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Animals Aiding in Addiction Treatment

By: Carol Morriscey

The unique connection between animals and humans is being harnessed in addiction treatment, in the form of Animal Assisted Therapy. What is Animal Therapy?

There is nothing quite as comforting as having the unconditional love and acceptance of an animal. This unique connection is being harnessed in addiction treatment, in the form of Animal Assisted Therapy. Animal Assisted Therapy consists of an animal, such as a cat, dog, or horse, being incorporated in the treatment regimen. Often, simple interactions with the animals can be helpful in developing stronger bonds between the patient and the therapist. However, more structured interactions, such as setting certain goals for the patient to work toward with the animal, can assist in fostering confidence and goal setting, and can establish a sense of achievement for the patient.

How does it help with Addiction Treatment?

Animal Assisted Therapy can enhance the typical therapy provided to individuals with addictions. For example, the use of therapy dogs at an inpatient drug rehab centre helped patients open up to therapists about their pasts. Often, while in the presence of the dogs the patients were more comfortable discussing experiences with their therapist, which had been difficult to share in the past. Indeed, the incorporation of therapy dogs facilitated a trusting relationship between the patient and therapist, that had not been present before.

Not only does Animal Assisted Therapy promote trust, allowing the patient to confide in the therapist, but it also helps the patient develop important life skills. Reintegration into mainstream society, such as finding a new job and hobbies and becoming a part of communities, is a crucial part of the addiction recovery process. However, this can often be a difficult transition for a recovering addict. At times, it is the isolation which results from poor communication skills and negative assessments of others’ actions which lead to addiction in the first place. Therefore, learning the skills to build healthy relationships and become involved in society must be learned in the recovery process.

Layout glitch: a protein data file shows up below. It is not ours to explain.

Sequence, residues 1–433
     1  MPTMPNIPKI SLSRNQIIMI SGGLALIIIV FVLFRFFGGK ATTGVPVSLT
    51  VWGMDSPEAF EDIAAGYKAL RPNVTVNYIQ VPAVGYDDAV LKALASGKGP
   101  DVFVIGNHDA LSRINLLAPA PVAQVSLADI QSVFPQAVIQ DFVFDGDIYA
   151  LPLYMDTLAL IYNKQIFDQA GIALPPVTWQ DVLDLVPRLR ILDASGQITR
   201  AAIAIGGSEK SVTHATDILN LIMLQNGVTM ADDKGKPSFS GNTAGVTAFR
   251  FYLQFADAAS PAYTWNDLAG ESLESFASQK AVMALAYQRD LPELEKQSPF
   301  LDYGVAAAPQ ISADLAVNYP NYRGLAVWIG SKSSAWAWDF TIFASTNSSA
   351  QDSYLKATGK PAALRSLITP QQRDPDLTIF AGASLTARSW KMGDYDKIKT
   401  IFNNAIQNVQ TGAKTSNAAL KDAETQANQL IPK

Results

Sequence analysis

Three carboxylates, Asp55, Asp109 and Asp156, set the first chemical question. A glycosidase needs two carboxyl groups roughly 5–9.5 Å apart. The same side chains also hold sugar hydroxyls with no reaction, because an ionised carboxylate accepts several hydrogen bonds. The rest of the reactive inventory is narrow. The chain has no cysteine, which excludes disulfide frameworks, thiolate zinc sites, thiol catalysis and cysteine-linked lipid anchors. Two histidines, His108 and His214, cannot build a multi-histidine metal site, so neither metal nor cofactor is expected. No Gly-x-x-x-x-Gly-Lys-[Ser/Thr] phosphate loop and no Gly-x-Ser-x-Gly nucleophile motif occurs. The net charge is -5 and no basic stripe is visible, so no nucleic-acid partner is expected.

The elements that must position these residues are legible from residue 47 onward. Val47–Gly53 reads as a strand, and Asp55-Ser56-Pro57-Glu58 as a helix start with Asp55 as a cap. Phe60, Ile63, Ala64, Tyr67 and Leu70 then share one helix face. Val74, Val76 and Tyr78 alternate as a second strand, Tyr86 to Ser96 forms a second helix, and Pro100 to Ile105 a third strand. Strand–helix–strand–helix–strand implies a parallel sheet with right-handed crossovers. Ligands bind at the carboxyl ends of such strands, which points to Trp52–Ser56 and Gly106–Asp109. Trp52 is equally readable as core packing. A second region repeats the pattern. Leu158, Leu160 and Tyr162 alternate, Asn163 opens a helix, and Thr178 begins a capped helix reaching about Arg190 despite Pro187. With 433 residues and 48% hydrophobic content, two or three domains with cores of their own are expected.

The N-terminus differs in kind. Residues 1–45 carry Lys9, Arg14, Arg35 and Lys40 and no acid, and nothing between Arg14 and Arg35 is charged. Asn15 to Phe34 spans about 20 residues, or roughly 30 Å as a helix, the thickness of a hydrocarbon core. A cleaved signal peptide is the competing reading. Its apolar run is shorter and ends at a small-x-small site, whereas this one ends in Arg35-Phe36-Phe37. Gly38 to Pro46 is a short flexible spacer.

When a dog did not initially interact with the patient in the desired manner, the patient was coached on how to change their approach. The patients learned to address their self-defeating thought processes, such as unrealistic expectations, as well as their communication skills. Just like humans, dogs respond to both verbal and non-verbal communication. Patients were taught to adjust their communication styles to initiate and maintain more successful interactions with the dogs. The skills learned while interacting with therapy dogs are transferable to humans, thus improving interactions and personal relationships.

Animal Assisted Therapy also helps reduce anxiety and depression in patients recovering from addiction. Having an unconditional friend, who does not judge a patient for their addiction, is a priceless tool in the recovery process. Empathy, compassion, and understanding are necessary for a full recovery. Given that mental illnesses such as depression and anxiety are closely associated with addiction, it is important to address them throughout the recovery process, promoting a holistic, lifelong recovery.

Bringing your Dog to Drug Rehab

Shockingly, it is not only the unwavering love that animals give us which may be improving our mood. Recent studies have shown that living with a dog introduces new organisms to our microbiome. It looks like these new organisms may be responsible for improving our mood when we’re around dogs. Thus, it appears that the antidepressant effects of dogs may not be related solely to oxytocin. Taking advantage of the mood-boosting effects of dogs, Searidge Foundation allows patients to bring their pet dogs along while they are in drug or alcohol rehab. This facilitates a comfortable environment for the patient, as they receive first-class treatment for their addiction.

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National Association of Addiction Treatment Providers International Security for Traumatic Stress Studies The Canadian Positive Psychology Association The Association for Addiction Professionals
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